Their average pay after tax is just £170 a week. The flaws exposed in some of the schemes must be addressed quickly. Labour’s Shadow Sills Minister, Gordon Marsden said just that. He said: “They should take up some of our proposals to expand the number of decent quality apprenticeships for young people which won’t result in them being exploited.”

You can read his article in full here.

On one level it’s somewhat superficial to examine the style of the First Lady, Michelle Obama, and Mitt Romney’s wife, Ann, but it’s also inevitable. Of course we wouldn’t do this about a male companion, but then he’d be donning the same suit, albeit in a different shade each day.

The stylish First Lady understands her own style and how to carry it off. But we don’t all get it right, so this kind of thing can provide a helpful reminder about what works and what doesn’t, without the need to be critical of either of them personally. Harriet Walker’s critique actually provides a good insight in how to look good wearing certain things.

She reminds us of the day the two ladies turned up to the second Presidential debate wearing matching shades of Schiaparelli pink, it was for Breast Cancer Awareness month.

Walker says of this potential clashing of outfits: “While the First Lady opted for a minimal Michael Kors shift dress and cropped jacket, her would-be successor was in silk Oscar de la Renta – upstanding and uptown American designers both, and part of the nation’s fashionable fabric, but with very different outlooks: the former, all sporty grace and ease, the latter more traditionally elegant and formal.”

You can read the article in full here.

There was a great article by Paul Harris in yesterday’s Observer ahead of the final push in the US Presidential Election. He’s observed both campaigns and reported just as he’s seen. It’s well worth a read. You can do so here.

Honeyball’s Weekly Round-Up

Labour Party

The website Netmums (not to be confused with Mumsnet) asked their users what their attitudes towards feminism are and the majority felt that it was an old-fashioned word with little relevance to their lives.  This has led to articles in the Observer and the Independent asking whether or not feminism is dead.  Needless to say, both have concluded that it certainly isn’t.

It’s a strange question, especially when it seems every day there is a new story that demonstrates how the fight for gender equality is far from over.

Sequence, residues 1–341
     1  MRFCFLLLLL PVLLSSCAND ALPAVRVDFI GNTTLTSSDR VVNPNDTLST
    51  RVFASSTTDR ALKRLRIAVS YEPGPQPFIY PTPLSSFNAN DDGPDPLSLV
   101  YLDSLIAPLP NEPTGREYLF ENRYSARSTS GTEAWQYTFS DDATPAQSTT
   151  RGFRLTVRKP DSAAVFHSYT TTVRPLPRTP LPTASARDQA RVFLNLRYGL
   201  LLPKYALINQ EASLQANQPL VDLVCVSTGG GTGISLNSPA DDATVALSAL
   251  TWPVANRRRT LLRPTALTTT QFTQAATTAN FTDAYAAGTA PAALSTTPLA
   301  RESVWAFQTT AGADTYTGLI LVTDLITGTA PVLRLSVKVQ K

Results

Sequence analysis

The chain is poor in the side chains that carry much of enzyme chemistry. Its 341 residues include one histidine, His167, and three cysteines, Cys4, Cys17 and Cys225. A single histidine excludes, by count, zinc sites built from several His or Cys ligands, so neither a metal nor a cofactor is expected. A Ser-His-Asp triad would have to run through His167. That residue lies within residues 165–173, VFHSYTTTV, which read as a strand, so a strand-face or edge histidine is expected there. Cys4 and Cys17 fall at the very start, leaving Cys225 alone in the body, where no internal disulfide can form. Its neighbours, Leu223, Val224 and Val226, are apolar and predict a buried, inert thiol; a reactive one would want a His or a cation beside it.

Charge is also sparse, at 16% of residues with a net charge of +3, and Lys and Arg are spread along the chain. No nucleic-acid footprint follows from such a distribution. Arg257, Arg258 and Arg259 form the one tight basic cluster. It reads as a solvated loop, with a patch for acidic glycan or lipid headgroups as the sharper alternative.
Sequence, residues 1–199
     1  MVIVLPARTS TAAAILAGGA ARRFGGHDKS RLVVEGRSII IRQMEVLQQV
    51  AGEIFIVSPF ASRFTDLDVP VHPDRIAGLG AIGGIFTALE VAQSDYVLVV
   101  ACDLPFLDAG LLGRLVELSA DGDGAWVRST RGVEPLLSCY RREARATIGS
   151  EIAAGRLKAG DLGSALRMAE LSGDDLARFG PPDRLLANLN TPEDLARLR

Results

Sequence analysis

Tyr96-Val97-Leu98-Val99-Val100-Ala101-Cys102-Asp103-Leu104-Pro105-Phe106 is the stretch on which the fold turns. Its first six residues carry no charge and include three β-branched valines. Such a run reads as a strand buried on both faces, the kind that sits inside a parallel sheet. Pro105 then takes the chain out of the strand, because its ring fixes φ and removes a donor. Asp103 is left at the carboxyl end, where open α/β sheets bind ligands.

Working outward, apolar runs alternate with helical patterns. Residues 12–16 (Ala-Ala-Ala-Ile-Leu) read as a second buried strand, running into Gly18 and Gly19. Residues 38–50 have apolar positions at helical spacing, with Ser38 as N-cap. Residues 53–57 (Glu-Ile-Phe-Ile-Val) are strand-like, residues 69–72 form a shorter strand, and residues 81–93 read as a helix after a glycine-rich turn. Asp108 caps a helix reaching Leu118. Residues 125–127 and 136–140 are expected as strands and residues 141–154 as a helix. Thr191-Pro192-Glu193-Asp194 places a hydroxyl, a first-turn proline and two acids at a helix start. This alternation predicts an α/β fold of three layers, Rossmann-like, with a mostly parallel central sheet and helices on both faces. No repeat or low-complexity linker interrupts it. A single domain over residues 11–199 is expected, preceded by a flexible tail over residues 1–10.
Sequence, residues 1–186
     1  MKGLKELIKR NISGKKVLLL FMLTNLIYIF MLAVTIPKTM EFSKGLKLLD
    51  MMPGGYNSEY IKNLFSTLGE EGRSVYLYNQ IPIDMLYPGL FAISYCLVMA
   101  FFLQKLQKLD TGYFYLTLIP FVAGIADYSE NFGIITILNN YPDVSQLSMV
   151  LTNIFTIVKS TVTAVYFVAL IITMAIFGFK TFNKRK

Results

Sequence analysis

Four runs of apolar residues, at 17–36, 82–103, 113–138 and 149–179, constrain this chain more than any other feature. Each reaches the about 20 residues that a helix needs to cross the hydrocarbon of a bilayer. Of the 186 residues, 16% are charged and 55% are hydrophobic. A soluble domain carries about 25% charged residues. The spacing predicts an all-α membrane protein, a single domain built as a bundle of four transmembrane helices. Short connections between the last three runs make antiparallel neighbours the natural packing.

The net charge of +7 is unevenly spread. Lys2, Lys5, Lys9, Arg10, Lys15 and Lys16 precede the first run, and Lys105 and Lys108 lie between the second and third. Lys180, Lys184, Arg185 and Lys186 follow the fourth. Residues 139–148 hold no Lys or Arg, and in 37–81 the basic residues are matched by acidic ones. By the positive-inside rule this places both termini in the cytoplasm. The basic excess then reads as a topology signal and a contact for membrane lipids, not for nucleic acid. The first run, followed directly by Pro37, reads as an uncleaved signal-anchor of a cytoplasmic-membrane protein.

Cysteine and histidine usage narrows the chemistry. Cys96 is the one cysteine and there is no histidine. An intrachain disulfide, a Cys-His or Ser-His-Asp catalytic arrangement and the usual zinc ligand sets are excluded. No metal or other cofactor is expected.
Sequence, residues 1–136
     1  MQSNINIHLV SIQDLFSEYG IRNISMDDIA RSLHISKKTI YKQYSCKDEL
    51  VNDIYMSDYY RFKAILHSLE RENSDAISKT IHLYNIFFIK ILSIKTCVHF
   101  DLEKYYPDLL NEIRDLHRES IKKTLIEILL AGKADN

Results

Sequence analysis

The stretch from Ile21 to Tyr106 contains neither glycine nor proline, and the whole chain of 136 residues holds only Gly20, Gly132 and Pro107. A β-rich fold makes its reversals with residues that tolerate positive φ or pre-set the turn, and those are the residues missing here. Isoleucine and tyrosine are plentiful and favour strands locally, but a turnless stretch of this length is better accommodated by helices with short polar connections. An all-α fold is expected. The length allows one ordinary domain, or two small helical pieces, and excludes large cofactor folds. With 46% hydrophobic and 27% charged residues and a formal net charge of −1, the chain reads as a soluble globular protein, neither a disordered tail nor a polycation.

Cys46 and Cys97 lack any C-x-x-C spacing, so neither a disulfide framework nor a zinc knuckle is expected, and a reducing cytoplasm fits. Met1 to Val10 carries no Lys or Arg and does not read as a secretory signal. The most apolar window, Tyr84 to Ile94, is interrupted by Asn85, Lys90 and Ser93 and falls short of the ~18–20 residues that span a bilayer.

The week began with the news that research conducted by the industry body Women in Journalism has shown that the front pages of British newspapers are dominated by sexist stereotypes, humiliating photographs of women and male bylines.

It transpites that male journalists wrote 78% of all front-page articles and men accounted for 84% of those mentioned or quoted in lead pieces, according to analysis of nine national newspapers, Monday to Saturday, over the course of four weeks.

The only females to be regularly pictured in the period were the Duchess of Cambridge; her sister, Pippa Middleton, and the crime victim Madeleine McCann. The three males most likely to be photographed were Simon Cowell, whose biography was published that month; Nicolas Sarkozy, who was fighting an election, and Prince William.

We then were treated to a pretty interesting demonstration of Romeny’s real feelings on gender equality in the second round of presidential debates this week as well.

It says something when a man trying to become the next president of the United States can make such a spectacular gaffe when talking about employing women, but Mitt Romney did just that this week.  As governor of Massachusetts, he explained: “We took a concerted effort to go out and find women who had backgrounds that could be qualified to become members of our cabinet. I went to a number of women’s groups and said: ‘Can you help us find folks?’ and they brought us whole binders full of women.”  And this was supposed to show people his feminist credentials.

Instead, he managed to conjure an image confirming every feminist’s worst fears about a Romney presidency; that he views women’s rights in the workplace as so much business admin, to be punched and filed and popped on a shelf. Worse still, it was irrelevant to the question he’d actually been asked, about pay inequality. And, according to several fact-checkers, untrue. He didn’t ask for the binders full of women. The list was compiled before he even took office. It wasn’t just a gaffe: it was a Freudian slip, a filibuster and a falsehood.

It also wasn’t even the daftest part of his answer. That would have to be this bizarre promise: “We’re going to have to have employers in the new economy, in the economy I’m going to bring to play, that are going to be so anxious to get good workers they’re going to be anxious to hire women.”

So anxious, they’ll hire women. Subtext: so desperate, they’ll hire anyone. Even women.

Again, not only is it stupid, but it’s addressing a question no one has asked. The problem is that women are paid less for the same jobs, not that the labour market isn’t flooded enough for employers to take a charitable gamble on them.

Romney’s attempt to paint himself as a feminist only proved he doesn’t know what the word means. That’s why whole binders full of women won’t be voting for him.